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In the first six months of this year, there were 288 that sold under the $1-million mark, or 12.6 per cent.

DARRYL DYCK/The Globe and Mail

It is becoming a rare commodity within the city of Vancouver – a single-family detached house that costs less than $1-million.

Of the 2,285 sales of detached properties in the first six months of this year, there were 288 that sold under the $1-million mark, or 12.6 per cent, according to data from the Multiple Listing Service.

By contrast, of the 1,931 sales of detached houses in the first six months of 2014, 543 properties changed hands for less than $1-million, or 28.1 per cent.

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Ken Wong, an agent with Royal Pacific Realty Group, said that even before crunching the numbers for existing houses, he had been directing his clients on limited budgets to attached properties. "If people say they can't afford to pay $1-million in Vancouver, you still have lots of options in condos and townhouses. And there are also options in the suburbs," he said Wednesday.

Mr. Wong dug up 15 listings ranging from $525,000 to $699,000 for an array of condos and townhouses as examples – all on Vancouver's east side.

The city's east side formerly had bargains for detached houses, but the latest statistics from the Real Estate Board of Greater Vancouver show a pricing surge over the past year.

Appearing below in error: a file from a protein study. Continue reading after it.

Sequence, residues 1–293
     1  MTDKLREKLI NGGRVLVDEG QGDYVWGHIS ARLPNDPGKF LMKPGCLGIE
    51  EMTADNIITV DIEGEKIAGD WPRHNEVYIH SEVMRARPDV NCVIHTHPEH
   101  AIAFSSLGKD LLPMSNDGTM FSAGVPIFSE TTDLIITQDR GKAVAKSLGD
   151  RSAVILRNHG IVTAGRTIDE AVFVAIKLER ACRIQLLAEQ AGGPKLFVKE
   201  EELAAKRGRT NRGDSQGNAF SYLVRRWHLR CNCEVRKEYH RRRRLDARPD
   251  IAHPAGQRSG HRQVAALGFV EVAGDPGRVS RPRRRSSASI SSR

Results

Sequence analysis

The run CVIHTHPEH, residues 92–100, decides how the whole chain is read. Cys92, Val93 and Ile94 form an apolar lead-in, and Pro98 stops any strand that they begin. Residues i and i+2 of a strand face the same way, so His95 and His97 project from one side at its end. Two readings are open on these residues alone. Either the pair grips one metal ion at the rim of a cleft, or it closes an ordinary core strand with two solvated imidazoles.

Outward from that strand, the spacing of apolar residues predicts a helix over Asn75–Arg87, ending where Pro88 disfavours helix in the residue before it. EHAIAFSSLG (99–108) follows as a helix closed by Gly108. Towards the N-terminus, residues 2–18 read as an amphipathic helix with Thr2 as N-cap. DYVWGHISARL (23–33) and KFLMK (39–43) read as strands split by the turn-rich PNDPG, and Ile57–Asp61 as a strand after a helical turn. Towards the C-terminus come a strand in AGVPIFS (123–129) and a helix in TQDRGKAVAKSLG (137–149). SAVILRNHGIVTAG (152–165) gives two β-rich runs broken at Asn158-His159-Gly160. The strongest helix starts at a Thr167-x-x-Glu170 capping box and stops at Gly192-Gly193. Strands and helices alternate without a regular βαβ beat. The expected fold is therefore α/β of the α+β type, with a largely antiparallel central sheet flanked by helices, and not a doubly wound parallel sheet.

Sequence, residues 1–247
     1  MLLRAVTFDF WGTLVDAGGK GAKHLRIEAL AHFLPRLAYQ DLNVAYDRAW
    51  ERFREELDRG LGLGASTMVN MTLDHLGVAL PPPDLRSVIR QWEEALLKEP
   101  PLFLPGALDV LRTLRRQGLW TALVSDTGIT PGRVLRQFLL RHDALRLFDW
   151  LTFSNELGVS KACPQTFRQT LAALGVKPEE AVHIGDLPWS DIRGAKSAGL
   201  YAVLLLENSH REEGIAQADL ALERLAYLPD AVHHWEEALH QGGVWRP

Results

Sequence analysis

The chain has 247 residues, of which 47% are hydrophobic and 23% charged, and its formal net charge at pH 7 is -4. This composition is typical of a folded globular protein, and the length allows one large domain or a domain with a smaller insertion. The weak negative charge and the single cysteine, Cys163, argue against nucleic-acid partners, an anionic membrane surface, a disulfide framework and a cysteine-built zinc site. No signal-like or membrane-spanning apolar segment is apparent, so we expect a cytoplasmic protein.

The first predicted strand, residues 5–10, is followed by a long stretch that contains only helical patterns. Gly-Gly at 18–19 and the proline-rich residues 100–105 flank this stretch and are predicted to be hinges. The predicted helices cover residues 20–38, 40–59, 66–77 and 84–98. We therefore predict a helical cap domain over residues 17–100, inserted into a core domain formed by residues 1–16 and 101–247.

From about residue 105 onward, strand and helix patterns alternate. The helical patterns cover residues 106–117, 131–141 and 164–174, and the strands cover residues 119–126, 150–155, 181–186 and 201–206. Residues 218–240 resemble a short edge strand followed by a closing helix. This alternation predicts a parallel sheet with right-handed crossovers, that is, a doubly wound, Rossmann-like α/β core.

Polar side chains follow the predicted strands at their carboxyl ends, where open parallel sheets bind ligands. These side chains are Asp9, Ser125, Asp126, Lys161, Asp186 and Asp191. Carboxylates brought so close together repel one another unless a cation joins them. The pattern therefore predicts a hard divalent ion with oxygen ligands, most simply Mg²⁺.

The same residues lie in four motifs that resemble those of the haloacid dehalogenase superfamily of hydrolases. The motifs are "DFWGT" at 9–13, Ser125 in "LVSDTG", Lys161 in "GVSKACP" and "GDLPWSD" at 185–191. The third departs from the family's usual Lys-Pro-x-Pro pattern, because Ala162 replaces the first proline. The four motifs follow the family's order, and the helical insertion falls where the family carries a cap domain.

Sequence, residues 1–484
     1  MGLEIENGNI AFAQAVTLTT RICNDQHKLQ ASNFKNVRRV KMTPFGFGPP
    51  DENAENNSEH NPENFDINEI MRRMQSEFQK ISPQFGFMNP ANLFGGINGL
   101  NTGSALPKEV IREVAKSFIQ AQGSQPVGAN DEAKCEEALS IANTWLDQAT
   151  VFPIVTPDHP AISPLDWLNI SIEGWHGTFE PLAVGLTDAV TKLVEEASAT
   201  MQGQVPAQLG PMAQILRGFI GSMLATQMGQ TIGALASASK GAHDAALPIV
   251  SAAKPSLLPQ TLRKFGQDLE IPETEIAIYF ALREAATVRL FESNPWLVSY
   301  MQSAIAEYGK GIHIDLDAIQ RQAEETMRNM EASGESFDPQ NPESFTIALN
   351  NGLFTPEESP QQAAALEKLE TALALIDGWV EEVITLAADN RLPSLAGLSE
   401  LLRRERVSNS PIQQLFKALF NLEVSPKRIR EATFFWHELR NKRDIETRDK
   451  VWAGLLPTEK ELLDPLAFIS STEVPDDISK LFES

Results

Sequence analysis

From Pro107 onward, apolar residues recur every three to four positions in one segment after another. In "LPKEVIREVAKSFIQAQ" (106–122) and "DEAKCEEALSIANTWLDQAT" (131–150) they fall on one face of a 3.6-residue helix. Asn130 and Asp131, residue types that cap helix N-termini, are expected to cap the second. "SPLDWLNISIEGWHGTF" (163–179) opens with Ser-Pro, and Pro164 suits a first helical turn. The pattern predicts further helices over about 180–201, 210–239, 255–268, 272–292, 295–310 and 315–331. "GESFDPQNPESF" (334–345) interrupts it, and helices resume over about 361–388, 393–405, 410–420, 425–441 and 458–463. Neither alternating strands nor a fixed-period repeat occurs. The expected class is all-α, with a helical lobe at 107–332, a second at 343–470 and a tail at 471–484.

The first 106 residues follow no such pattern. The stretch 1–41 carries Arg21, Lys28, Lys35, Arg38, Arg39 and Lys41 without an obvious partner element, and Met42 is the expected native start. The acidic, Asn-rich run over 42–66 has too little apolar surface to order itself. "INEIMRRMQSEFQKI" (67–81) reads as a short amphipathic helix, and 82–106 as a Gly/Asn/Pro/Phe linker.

The median price for detached homes on Vancouver's east side reached $1.28-million last month, up 32.3 per cent since July of 2014. On the city's west side, the median price for detached properties has jumped 21.8 per cent to $2.9-million.

Demand for detached homes has been coming from new arrivals, including overseas buyers from China, observers say. How much of a factor that offshore money plays has been the subject of debate. The real estate industry is playing down the impact of foreign investors, while others have raised alarm bells, including Eveline Xia, creator of the Twitter hashtag #DontHave1million.

Real estate board president Darcy McLeod said there are several factors contributing to the sellers' market, notably "strong consumer confidence, low interest rates and a reduced supply of homes for sale."

In Greater Vancouver, which includes suburbs such as Burnaby and Coquitlam, the price of detached homes averaged $1.4-million last month, up 17.6 per cent from July of 2014.

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In recent years, the board has concentrated on its own statistic, called the Home Price Index (HPI), arguing that averages skew the picture because the most expensive properties are included. The benchmark HPI is a representation of the typical house in an area, providing a better barometer than average prices, according to real estate officials.

By that measure, Greater Vancouver's HPI for detached homes hit a record-high of $1.14-million in July, or a 16.2-per-cent gain from the same month last year. The HPI also set records on Vancouver's east side at $1.12-million up 19.9 per cent over the past year, and on the west side at $2.65-million, up 16.6 per cent from a year earlier.

Mr. McLeod said prospective purchasers need to cast a wide net. "Home buyers continue to have a range of housing options, at different price points," he said in a statement.

The number of transactions for all types of properties has been growing. There were 3,978 sales in Greater Vancouver last month, up 30 per cent from July of 2014.

In the B.C. Fraser Valley, which includes suburbs such as Surrey and Langley, the HPI for detached homes rose 9.3 per cent over the past year to $621,100. "We have amongst the most affordable homes in the region," Fraser Valley Board president Jorda Maisey said in a release.

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